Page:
GRAPEVINE: A day of remembrance

News from around Israel.

January 26, 2016 20:50
PRESIDENT REUVEN RIVLIN hosts special needs children on Tu Bishvat at his official residence.

PRESIDENT REUVEN RIVLIN hosts special needs children on Tu Bishvat at his official residence.. (photo credit: Mark Neiman/GPO)

Among the speakers at the United Nations International Day of Holocaust Commemoration, to be held Wednesday morning in the General Assembly Hall in New York, is Czech-born Martha Wise, who lives in Jerusalem’s Ramot neighborhood.

Wise (nee Weiss) and two of her sisters, Eva and Judith, were deported to Auschwitz- Birkenau. Judith, who was only six years old, did not survive. When Eva and Martha were liberated by the Russians in 1945, they looked like skeletons. The two sisters had been among the children on whom the notorious Dr. Josef Mengele had performed his outrageous experiments.

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After the war, they were reunited with their parents and siblings, and the family migrated to Melbourne, Australia.

Martha and her husband, Harold Wise, moved to Israel 18 years ago to be with their children and grandchildren. Four generations of the family now live in Israel.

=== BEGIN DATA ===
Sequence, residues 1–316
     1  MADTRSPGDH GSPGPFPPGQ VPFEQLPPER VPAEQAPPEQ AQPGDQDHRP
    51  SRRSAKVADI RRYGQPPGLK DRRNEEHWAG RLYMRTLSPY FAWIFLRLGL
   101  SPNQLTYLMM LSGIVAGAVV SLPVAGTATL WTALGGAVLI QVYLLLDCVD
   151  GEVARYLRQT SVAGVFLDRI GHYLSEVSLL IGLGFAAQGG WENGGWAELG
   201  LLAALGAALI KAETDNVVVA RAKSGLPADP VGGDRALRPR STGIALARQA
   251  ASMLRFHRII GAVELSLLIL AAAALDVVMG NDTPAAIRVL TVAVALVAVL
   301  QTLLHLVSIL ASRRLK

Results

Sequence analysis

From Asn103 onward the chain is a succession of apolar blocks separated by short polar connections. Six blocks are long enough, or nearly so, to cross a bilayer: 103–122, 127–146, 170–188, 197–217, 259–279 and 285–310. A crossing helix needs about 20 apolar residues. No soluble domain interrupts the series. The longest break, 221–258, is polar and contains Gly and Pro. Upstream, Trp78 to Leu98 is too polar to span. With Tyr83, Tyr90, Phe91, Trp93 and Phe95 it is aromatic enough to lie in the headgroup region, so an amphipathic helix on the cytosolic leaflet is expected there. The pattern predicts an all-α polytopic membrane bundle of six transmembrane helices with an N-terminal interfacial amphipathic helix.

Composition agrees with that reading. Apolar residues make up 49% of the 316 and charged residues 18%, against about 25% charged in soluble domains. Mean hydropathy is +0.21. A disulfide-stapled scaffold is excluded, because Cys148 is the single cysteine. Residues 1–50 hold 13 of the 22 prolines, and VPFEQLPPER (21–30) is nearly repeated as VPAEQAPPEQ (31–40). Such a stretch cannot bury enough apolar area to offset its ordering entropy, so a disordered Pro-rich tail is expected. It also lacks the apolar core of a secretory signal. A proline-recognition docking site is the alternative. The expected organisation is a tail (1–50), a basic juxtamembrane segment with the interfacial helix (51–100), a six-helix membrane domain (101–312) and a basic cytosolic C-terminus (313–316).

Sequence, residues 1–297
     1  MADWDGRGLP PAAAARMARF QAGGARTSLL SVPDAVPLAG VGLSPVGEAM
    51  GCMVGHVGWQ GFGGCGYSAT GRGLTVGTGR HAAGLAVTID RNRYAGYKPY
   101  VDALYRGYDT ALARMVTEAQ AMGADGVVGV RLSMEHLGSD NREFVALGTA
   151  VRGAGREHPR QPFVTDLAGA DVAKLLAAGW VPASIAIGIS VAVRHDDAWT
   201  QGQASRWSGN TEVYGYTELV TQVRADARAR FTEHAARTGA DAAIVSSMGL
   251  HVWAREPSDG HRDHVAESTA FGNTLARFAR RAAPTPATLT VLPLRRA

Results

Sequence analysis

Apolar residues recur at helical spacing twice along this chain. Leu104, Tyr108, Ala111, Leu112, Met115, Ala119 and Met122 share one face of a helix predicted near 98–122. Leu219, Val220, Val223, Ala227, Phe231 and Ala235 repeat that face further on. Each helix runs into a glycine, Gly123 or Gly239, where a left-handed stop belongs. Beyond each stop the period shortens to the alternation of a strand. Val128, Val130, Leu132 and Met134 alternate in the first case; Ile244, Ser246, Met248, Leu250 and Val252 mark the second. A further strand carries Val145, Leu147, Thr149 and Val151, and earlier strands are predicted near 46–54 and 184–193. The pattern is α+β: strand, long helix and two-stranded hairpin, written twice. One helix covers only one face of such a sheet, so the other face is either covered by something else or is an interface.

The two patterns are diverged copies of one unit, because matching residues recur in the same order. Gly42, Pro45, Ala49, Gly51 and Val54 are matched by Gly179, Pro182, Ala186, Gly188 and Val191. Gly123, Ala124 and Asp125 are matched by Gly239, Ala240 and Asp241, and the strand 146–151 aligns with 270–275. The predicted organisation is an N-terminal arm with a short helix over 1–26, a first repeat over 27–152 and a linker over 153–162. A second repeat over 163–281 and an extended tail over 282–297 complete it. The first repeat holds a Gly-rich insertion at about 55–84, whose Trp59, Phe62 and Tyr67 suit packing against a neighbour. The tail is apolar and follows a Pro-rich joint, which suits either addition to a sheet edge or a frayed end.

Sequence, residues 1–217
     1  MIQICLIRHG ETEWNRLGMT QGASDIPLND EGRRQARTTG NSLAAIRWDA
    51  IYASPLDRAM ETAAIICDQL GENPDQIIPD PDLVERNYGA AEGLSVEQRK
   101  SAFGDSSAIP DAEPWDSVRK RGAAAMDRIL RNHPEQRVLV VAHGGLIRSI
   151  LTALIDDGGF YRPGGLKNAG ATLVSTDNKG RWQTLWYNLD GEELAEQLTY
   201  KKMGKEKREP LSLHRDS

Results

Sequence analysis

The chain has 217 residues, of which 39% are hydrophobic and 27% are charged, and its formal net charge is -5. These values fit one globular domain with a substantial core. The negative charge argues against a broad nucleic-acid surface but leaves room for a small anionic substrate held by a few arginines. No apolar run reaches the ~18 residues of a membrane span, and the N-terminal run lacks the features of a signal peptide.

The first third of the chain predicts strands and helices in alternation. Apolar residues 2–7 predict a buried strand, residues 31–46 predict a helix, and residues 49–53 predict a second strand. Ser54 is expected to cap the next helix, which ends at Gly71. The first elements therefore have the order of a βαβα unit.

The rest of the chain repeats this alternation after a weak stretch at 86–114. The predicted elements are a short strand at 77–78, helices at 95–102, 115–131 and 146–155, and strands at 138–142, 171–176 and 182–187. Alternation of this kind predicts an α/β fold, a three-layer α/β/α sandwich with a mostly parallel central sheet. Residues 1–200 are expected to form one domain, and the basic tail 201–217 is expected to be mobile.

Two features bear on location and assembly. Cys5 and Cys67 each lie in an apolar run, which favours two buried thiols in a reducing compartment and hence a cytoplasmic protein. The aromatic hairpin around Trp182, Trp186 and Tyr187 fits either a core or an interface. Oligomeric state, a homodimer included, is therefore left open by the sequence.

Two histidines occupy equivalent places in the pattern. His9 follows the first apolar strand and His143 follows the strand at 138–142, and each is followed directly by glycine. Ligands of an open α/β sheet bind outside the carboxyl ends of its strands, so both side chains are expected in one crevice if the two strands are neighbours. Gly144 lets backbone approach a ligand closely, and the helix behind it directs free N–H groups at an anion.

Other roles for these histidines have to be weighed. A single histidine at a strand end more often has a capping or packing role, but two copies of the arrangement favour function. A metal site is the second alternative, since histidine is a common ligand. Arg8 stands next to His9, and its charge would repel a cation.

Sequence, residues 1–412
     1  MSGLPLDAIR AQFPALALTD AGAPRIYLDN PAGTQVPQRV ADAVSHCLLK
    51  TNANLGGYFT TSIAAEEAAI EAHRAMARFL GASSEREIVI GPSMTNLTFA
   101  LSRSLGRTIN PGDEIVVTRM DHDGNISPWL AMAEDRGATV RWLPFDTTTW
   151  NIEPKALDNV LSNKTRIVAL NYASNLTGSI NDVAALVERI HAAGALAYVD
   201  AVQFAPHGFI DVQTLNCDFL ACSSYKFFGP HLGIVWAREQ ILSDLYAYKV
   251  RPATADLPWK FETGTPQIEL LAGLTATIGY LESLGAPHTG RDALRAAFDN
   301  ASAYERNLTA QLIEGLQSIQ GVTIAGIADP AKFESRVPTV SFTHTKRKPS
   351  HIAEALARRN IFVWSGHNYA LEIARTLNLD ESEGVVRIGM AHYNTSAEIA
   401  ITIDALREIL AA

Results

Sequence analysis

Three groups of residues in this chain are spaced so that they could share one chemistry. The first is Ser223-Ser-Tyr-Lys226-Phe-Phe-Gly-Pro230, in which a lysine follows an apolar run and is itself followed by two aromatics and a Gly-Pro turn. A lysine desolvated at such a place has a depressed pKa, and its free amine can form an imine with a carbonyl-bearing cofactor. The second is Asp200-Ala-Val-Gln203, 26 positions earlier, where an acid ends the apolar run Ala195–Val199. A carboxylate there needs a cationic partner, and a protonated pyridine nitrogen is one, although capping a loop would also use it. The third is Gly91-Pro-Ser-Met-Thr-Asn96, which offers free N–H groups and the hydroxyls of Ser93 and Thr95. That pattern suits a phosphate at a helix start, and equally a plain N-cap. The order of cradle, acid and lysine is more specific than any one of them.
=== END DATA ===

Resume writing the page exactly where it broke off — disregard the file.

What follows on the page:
Martha Wise, who is a voluntary guide at Yad Vashem and has shared her story with many audiences outside of Yad Vashem, never imagined when she was a child in Auschwitz that there would be a Jewish state and that her grandchildren would serve in its army. She was invited to give testimony at the UN by Israel’s envoy to the UN, Danny Danon.

Many Israelis wear a hai talisman around their necks, but for Martha Wise, who also wears one, it has special meaning, not only from a personal perspective but from a general Jewish perspective, in that it signifies that the nation of Israel lives.

The theme for this year’s commemoration is “The Holocaust and Human Dignity,” linking Holocaust remembrance with the founding of the United Nations and reaffirming faith in the dignity and worth of every person, as highlighted in the United Nations Charter, as well as the right to live free from discrimination and with equal protection under the law, as enshrined in the Universal Declaration of Human Rights.